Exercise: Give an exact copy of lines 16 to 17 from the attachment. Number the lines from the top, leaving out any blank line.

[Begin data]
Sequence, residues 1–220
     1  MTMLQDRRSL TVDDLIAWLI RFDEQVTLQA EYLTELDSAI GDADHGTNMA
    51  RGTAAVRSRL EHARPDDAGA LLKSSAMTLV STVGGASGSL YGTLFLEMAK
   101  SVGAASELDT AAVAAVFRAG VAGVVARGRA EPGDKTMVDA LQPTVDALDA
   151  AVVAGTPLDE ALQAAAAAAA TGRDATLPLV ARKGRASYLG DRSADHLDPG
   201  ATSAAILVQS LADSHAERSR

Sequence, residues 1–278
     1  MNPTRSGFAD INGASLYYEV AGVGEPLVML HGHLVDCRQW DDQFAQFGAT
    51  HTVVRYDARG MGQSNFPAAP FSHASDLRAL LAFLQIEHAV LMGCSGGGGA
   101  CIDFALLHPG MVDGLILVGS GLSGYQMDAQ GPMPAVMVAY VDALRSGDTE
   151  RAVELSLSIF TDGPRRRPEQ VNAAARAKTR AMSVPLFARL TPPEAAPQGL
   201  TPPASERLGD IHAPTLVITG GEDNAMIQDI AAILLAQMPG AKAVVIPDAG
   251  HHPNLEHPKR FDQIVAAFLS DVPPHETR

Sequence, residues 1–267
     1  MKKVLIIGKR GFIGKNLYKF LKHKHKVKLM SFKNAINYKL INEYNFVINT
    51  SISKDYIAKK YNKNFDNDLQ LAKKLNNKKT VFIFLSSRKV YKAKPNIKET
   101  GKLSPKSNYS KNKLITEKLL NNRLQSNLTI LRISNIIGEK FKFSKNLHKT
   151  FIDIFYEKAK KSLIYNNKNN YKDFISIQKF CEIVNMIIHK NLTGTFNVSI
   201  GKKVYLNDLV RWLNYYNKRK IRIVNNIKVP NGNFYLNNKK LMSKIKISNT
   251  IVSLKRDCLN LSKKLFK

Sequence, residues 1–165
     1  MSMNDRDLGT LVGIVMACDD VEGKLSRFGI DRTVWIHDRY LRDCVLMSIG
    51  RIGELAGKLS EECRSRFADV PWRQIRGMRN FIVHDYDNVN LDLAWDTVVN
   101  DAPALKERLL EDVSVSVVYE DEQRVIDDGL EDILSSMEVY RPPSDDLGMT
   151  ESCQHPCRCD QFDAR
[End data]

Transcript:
    51  SISKDYIAKK YNKNFDNDLQ LAKKLNNKKT VFIFLSSRKV YKAKPNIKET
   101  GKLSPKSNYS KNKLITEKLL NNRLQSNLTI LRISNIIGEK FKFSKNLHKT